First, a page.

Posted at: 11/07/2013 10:23 PM
Updated at: 11/07/2013 10:36 PM
By: John Doetkott

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Redskins Name Battle Reaches Minnesota

(ABC 6 NEWS) -- On Thursday night, the Minnesota Vikings took on the Washington Redskins, and controversy stirred up well before kickoff.

 

Native American groups have long rallied against Washington’s offensive nickname, but on Thursday protesters took a different approach to try and create change.

 

In Minneapolis, hundreds of people gathered at the Metrodome and other locations to protest the continued use of the racially charged nickname.

 

“I find it disrespectful for Native Americans to still be getting treated this way,” said Kayla Magee, a Native American student at Takoda Prep High School in Minneapolis.

 

“Our ancestors, they were slaughtered, they were scalped, and we don't want to be remembered by that,” said fellow Native American student Lucille Norris.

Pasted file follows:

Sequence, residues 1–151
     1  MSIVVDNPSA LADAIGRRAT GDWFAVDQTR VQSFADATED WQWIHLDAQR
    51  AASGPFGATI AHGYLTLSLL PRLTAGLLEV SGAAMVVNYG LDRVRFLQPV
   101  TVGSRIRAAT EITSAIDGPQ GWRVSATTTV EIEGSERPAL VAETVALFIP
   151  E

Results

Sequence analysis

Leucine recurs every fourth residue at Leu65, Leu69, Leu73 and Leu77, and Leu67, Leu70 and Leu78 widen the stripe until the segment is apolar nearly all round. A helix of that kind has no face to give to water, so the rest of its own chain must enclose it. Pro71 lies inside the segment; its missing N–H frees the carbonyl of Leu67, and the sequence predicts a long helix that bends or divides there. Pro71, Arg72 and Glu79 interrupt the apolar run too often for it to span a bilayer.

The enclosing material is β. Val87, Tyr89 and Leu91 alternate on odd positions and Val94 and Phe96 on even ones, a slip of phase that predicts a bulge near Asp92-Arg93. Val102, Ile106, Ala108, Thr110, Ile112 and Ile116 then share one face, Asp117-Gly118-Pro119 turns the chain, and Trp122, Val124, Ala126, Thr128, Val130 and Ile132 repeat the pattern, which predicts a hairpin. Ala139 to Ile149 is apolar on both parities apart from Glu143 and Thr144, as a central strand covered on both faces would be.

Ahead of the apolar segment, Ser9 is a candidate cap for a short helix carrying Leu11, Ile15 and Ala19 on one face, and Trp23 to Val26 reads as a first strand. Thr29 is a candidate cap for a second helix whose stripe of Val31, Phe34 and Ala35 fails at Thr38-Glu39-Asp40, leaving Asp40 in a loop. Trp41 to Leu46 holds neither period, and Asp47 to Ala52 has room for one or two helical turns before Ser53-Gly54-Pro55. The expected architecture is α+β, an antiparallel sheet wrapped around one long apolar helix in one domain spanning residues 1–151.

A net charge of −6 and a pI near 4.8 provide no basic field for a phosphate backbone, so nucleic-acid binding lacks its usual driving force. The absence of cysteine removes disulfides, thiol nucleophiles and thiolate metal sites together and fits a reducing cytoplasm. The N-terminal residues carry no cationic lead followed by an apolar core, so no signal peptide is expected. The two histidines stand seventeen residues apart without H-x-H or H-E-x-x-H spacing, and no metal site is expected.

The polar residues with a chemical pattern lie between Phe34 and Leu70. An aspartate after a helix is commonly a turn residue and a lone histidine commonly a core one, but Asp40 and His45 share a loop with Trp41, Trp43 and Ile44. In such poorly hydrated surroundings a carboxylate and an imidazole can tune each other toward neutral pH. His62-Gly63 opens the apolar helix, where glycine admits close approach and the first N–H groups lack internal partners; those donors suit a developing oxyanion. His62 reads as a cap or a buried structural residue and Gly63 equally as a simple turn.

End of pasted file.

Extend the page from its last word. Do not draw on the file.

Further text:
But the team's owner has said repeatedly he doesn't want to change the name, which is why protesters took a new approach, calling on the Vikings to drop the logo from the stadium and promotional material.

 

But of course the Vikings aren't the only ones who need to promote the game.

 

Torge's Live in Austin is just one of thousands of bars across the country supplied by beer companies with NFL signs and posters.

 

And with very few sources, managers said it's hard to be picky.

 

“Anything that we get, it's just a small part of a bigger poster or something like that,” said manager John Hatten. “So it'd be just a matter of cutting out a piece and it really doesn't make much sense to do that for us."

 

Hatten said his bar will likely follow the same strategy as the Vikings organization: simply wait until change comes from the top.

 

“I think it's going to have to be an NFL thing or even the government was starting to get involved with it,” Hatten said. “It would have to be something like that for it to even change, or for us to even change it right now."

 

Although protesters failed to keep the nickname out of the stadium on Thursday, groups said they will renew their efforts to try and get the name banned from the new Vikings stadium if the name still exists in three years